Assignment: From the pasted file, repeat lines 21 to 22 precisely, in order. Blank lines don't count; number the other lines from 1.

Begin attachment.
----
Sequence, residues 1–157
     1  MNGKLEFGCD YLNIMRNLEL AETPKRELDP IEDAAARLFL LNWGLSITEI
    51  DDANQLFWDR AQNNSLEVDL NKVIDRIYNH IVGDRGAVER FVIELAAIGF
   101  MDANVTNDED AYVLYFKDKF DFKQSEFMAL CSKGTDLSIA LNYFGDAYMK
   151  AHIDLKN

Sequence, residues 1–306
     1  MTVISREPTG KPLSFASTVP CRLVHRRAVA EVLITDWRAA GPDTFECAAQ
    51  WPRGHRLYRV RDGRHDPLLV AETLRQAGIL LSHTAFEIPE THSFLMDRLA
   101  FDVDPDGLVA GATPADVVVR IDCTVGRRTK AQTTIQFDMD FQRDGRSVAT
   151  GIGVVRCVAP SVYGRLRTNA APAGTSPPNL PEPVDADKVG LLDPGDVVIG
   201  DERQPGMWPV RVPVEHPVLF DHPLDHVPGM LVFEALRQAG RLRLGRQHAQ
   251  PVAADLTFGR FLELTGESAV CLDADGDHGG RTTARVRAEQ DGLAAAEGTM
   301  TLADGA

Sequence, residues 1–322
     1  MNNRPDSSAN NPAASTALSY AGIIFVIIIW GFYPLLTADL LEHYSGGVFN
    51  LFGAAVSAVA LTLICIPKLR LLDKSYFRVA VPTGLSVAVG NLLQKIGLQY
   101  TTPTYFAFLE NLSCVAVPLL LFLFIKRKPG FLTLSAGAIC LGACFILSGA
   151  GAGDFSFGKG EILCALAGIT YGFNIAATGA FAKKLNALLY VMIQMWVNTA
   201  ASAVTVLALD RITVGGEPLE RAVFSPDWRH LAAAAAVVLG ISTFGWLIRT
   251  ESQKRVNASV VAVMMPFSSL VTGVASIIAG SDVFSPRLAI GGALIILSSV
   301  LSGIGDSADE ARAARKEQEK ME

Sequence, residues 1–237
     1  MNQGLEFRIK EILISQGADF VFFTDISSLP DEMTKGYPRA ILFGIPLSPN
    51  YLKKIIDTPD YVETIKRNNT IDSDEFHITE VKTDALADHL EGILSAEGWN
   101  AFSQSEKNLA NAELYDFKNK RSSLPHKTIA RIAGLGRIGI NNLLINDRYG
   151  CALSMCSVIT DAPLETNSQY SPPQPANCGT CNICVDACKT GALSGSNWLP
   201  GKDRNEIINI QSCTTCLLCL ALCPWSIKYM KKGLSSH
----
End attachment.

   301  LSGIGDSADE ARAARKEQEK ME

Sequence, residues 1–237